Today will turn into tomorrow—what have we done to enter into tomorrow? Have we succeeded at something? Will we? Tomorrow waits, but for today, dream, because dreams and goals are healthy. We enter into tomorrow with that dream.  What takes years to do always happens in our todays, and it could be this day we reach a lifetime goal.

Thanks for reading.

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ADD, Dyslexia, encouragement, Human Behaviour, Human Nature, information, inspirational

Breaking the “Bound” Barrier

So dead ends lead to new directions? Sounds legit. They say, “Don’t give up. Find the opportunity in loss.” But who are they, anyway? Those who have stabbed a flag in their goal?

It’s easier said than done, isn’t it? Clinging to a goal and hanging on in savage winds while sharp edges of crumpled old leaves fly in our wide open eyes? Is it possible to endure that pain but not become jaded? Sure, only thing is, going against all odds is an arduous journey, which includes our personal barriers, like being bound by time, finances, criticism, learning differences, etcetera, plus the ever present competition also.

I have barriers I needed to accept before I could continue with my project, but I’m not complaining. Not anymore.

As you can see, I write. As you cannot see, I have dyslexia. My spelling errors, which are a lack of ability to retain many word spellings in my brain, and mistakes due to reversals, are seemingly endless to edit. Nonetheless, dyslexia serves me with a mind movie kind of imagination. I constantly think in images, creating story scenes with  ‘people’ you can’t forget in realistic fiction. I also turn things and images in many directions, obviously letters and numbers. But I don’t use a measuring tape to hang pictures or curtain rods because of my spacial ability. I know if a piece of furniture will fit a space, and I’m within an inch just by eyeballing. A three demential view of two dimensions is common. Hence, I don’t complain about dyslexia.

ADD is Another Directional Daydream. My mind flits. I form multifaceted stories with this barrier/ability. While writing, I perceive the present, future and past, quite similar to a movie. In the end, just as any daydreamer does, I come back to the present. This forms my plot, subplots and brings the story to a plausible conclusion.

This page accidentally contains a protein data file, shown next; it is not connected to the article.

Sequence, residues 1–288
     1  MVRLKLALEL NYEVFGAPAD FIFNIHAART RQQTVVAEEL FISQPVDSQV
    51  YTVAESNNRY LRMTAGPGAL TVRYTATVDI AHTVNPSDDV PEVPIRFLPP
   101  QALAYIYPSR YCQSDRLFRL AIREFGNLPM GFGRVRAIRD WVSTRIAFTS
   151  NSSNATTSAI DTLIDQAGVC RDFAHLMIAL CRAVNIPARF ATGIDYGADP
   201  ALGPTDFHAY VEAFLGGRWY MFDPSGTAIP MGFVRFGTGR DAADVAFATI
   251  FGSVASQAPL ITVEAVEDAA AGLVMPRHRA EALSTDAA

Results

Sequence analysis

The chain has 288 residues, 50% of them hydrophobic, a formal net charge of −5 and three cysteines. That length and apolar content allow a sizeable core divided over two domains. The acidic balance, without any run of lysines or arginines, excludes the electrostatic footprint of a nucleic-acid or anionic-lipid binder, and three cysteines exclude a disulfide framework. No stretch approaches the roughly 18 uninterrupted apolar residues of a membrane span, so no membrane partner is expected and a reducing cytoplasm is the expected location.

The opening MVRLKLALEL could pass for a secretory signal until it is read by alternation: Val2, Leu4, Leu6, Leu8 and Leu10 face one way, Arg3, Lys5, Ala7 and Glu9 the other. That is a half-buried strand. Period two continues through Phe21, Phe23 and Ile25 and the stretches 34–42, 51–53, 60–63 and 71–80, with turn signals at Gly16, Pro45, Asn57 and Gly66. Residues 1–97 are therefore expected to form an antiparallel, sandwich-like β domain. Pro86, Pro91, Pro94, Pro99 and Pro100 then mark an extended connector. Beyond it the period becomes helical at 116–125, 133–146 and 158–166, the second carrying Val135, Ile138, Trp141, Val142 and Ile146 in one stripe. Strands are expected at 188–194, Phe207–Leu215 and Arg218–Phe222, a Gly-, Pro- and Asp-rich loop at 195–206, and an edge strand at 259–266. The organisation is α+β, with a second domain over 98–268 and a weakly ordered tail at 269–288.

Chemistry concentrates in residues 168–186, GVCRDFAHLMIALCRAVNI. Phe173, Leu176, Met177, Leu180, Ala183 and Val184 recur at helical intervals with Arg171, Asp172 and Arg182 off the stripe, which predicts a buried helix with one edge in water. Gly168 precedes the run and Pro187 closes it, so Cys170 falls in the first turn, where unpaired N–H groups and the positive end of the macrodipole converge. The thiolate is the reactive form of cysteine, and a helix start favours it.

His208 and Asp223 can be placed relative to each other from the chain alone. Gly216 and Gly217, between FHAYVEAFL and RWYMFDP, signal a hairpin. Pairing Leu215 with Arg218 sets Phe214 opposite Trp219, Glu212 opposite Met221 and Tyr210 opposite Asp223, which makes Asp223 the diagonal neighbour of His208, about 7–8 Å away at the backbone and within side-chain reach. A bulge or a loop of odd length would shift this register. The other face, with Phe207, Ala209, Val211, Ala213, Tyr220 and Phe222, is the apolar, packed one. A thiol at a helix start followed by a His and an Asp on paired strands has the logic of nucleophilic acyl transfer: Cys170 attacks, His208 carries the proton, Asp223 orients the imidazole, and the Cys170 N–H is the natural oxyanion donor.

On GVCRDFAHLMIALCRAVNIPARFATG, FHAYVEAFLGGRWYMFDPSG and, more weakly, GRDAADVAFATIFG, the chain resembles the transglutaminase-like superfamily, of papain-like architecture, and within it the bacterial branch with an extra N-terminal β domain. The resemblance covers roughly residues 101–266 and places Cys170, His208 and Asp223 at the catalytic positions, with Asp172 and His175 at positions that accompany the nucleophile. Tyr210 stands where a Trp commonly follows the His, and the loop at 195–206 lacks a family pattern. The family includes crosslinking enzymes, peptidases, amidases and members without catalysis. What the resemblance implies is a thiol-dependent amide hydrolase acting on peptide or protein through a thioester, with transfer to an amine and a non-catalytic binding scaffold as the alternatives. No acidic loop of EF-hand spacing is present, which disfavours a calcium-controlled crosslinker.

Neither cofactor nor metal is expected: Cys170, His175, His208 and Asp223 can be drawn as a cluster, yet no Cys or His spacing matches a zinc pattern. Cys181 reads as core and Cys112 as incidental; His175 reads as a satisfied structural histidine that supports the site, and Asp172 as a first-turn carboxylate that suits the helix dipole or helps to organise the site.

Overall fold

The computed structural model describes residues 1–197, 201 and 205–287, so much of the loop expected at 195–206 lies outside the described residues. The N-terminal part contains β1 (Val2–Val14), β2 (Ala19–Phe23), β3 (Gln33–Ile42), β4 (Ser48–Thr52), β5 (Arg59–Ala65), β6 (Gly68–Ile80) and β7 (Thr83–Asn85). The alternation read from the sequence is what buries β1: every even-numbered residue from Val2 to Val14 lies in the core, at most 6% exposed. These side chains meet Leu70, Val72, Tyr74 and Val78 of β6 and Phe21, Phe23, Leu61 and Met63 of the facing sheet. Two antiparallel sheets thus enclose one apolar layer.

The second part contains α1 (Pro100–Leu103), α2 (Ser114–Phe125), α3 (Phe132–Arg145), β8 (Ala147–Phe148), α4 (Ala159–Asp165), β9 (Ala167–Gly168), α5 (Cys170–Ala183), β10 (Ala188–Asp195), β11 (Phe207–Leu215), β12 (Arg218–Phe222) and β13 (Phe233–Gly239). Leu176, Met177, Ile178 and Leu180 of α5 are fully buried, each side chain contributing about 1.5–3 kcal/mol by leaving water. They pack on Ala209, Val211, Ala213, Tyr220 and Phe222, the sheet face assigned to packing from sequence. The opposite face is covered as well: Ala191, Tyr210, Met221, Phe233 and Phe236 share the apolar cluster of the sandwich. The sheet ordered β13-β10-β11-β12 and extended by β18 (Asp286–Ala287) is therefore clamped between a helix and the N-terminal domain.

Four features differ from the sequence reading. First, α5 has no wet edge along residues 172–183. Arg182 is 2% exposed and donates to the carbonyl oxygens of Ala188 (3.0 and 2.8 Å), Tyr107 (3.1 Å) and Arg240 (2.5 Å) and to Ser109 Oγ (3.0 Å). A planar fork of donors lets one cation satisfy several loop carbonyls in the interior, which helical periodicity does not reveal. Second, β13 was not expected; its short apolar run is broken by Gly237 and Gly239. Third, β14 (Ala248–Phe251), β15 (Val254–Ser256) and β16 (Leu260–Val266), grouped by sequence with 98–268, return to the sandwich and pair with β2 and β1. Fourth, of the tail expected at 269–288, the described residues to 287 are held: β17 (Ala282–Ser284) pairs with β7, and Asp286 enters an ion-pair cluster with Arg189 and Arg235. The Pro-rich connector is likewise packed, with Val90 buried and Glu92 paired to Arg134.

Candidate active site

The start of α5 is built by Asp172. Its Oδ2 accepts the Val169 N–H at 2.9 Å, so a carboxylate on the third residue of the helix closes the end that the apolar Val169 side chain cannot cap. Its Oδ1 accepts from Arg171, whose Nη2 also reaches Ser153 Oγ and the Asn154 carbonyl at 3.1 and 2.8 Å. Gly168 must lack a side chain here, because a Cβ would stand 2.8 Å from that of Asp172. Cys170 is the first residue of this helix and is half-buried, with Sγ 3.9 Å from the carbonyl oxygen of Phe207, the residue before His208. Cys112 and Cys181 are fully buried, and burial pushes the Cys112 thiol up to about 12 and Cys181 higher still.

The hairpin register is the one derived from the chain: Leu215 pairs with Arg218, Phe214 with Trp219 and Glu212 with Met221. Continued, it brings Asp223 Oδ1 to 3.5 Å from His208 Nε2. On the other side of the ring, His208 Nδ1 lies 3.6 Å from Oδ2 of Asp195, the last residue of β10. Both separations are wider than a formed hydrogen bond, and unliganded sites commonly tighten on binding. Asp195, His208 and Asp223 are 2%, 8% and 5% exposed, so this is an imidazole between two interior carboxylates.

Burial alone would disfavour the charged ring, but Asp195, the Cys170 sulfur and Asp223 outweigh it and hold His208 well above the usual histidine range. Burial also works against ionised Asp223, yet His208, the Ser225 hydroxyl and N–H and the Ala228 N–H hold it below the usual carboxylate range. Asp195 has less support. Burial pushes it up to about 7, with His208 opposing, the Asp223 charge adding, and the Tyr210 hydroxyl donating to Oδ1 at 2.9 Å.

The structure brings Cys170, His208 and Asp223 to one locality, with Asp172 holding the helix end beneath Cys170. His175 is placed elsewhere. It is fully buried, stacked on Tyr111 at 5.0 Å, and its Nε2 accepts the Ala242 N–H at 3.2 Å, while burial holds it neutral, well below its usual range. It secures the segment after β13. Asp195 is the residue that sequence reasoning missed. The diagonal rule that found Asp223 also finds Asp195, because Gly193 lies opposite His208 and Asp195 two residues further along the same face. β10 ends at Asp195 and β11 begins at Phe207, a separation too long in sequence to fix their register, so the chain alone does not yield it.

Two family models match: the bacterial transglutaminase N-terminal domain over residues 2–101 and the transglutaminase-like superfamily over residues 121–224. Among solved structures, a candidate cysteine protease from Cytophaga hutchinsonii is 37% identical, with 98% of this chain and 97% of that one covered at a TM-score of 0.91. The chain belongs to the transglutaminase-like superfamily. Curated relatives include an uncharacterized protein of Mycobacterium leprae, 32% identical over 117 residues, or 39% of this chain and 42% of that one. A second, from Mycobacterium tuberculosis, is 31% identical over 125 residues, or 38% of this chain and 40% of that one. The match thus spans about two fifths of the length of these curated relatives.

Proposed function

However, beating the odds to have a manuscript accepted is an ongoing battle. This is my last draft—time to find a publisher! Not so fast. It can never be fast. Haste is waste in my world of dyslexia, and ADD takes the scenic route. Uh oh, so not my last draft. Throw on more coffee.

However, I did my time—I did it! I broke the “bound” barrier by respecting my barriers. Accepting what I’m bound by released me. My novel manuscript is back with my traditional publisher while I wait to see if she is pleased with my edits according to her instruction. This is an exhilarating and nail-biting good time!

I studied dyslexia and ADD and discovered what I should expect, and what I should respect about these gifts. My imagination is rich; I must be patient with the side effects. There sure is opportunity in loss.

 
Thanks for reading.

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encouragement, Human Behaviour, Human Nature

The Gradual Shock

When it first shows, we either deny it, embrace it, or cover it.

The off-white ceramic tile floor held tables, chairs, and persons. New, round tables were dotted with various beverages and paper plates of colourful food. Emotions varied according to each person’s experience, connection and memories. Laughter peeled through the community room; so did sniffles and polite nose blowing.